In the Wake of Trauma: Psychology and Philosophy for the Suffering Other (Duquesne University Press) (Paperback)

Eric R. Severson, Brian W. Becker & David M. Goodman

ID: 1501831

ISBN: 9780820704982

Format: Print Only

Price: $35.00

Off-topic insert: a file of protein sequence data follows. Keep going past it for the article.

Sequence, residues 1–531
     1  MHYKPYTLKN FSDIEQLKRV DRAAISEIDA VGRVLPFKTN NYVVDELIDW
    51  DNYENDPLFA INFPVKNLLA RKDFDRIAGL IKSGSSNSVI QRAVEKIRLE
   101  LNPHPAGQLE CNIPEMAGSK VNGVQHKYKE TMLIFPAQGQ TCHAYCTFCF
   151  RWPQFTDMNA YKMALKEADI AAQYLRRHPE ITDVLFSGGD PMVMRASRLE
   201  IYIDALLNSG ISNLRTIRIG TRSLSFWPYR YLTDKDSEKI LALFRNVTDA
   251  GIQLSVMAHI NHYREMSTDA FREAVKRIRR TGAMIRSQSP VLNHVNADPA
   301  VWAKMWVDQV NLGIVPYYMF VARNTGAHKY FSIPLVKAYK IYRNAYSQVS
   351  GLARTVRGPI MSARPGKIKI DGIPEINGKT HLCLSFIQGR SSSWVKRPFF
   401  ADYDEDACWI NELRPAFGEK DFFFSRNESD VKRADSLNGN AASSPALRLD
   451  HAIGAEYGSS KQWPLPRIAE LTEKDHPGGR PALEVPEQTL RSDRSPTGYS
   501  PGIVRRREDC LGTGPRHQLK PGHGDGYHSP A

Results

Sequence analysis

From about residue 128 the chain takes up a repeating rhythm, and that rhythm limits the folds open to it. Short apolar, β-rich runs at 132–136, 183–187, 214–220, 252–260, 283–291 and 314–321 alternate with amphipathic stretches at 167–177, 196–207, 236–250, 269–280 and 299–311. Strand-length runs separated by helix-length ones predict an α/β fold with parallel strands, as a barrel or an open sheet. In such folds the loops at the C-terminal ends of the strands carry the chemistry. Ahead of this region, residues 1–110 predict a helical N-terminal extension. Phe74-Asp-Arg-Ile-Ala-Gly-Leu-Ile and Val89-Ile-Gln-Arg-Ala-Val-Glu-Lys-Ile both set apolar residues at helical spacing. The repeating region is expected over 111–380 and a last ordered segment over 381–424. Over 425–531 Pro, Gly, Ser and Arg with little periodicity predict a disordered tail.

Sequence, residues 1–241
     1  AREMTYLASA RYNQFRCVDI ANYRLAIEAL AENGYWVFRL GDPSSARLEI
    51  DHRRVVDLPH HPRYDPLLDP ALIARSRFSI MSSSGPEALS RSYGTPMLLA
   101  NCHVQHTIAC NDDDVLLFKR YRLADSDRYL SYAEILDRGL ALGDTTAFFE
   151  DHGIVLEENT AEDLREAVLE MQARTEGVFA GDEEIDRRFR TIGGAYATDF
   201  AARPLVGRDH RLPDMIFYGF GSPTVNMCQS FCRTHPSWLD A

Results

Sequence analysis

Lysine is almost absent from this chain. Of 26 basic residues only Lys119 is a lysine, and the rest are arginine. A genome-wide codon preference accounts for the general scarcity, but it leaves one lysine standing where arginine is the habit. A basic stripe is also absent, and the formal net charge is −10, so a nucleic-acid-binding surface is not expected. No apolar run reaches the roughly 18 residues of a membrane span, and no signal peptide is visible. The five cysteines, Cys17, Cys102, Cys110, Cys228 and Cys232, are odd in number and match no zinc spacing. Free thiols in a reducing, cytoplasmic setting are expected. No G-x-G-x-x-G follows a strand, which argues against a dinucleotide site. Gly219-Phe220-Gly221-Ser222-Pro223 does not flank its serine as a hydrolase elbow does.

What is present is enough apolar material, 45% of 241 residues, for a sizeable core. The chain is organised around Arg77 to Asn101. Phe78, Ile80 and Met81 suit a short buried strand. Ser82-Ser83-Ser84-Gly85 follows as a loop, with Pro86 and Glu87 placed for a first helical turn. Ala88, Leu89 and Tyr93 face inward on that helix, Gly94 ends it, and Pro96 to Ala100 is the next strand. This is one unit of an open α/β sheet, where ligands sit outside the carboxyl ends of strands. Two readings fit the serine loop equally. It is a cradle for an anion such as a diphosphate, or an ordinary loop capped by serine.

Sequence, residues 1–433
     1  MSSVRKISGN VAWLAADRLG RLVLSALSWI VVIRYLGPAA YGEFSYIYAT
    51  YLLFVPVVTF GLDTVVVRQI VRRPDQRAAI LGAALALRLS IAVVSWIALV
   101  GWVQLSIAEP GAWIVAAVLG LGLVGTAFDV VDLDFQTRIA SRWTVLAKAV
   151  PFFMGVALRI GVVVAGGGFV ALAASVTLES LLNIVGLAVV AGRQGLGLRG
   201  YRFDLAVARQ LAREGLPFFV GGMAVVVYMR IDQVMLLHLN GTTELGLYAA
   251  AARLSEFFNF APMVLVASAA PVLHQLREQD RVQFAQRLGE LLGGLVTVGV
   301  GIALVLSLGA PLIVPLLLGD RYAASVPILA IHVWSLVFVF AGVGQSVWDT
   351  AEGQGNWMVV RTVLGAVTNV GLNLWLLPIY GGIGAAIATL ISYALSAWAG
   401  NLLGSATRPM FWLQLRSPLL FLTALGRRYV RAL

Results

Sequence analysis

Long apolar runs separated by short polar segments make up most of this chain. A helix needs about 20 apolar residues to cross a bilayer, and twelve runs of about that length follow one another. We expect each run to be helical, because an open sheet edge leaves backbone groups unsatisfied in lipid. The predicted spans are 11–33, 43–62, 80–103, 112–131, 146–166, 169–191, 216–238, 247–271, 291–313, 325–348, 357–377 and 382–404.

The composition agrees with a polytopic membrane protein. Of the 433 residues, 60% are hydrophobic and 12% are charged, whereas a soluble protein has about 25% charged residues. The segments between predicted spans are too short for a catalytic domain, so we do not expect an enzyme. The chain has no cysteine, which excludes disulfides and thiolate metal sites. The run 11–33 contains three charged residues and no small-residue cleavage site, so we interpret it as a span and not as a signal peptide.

An interdisciplinary discussion of traumatic experience seeks better understanding and care for the suffering of individuals and societies. When traumatic experiences occur, our patterns of living - the ways in which our bodies and minds have grown accustomed to feeling and reacting - are threatened. When psychologists, philosophers, or theologians turn their attention to trauma, they face a daunting task, as trauma is a concept that is incredibly difficult to understand and to describe. Yet it is crucial to persist; if such disciplines can offer nothing about trauma, then they betray their very purpose and those people who have been traumatized. By drawing on resources across these disciplines (and others), the contributors here struggle together to foster conversation that deepens the ability of practitioners and theoreticians alike to engage with the effects of trauma. The essays range over a diverse landscape for inspiration - discussing thinkers such as Augustine, Ranciere, Foucault, Freud, Heidegger, Kristeva, and Lacan; literary works from Homer to Shakespeare to Joyce; case studies from clinical practice, film, even the book of Job - all in order to identify new avenues for working through trauma's far-reaching effects, both for individuals and in its social and collective dimensions. Though these authors certainly do not speak with a singular voice, the volume is held together by an underlying ethical turn, a commitment to acknowledge the subjectivity of the victim. As the work demonstrates, this allows a kind of exploration not possible when adhering to a particular methodology or theory, thus avoiding the reductionism common to medical models for mental health. It is sometimes said that trauma remains with us in our cells, at a level beneath the analysis of memory and scars. As this volume argues, even this profound insight does not push far enough. As difficult as it may be to understand trauma and to deal with its reverberations, the process of trying to do so can be transformative - even hopeful.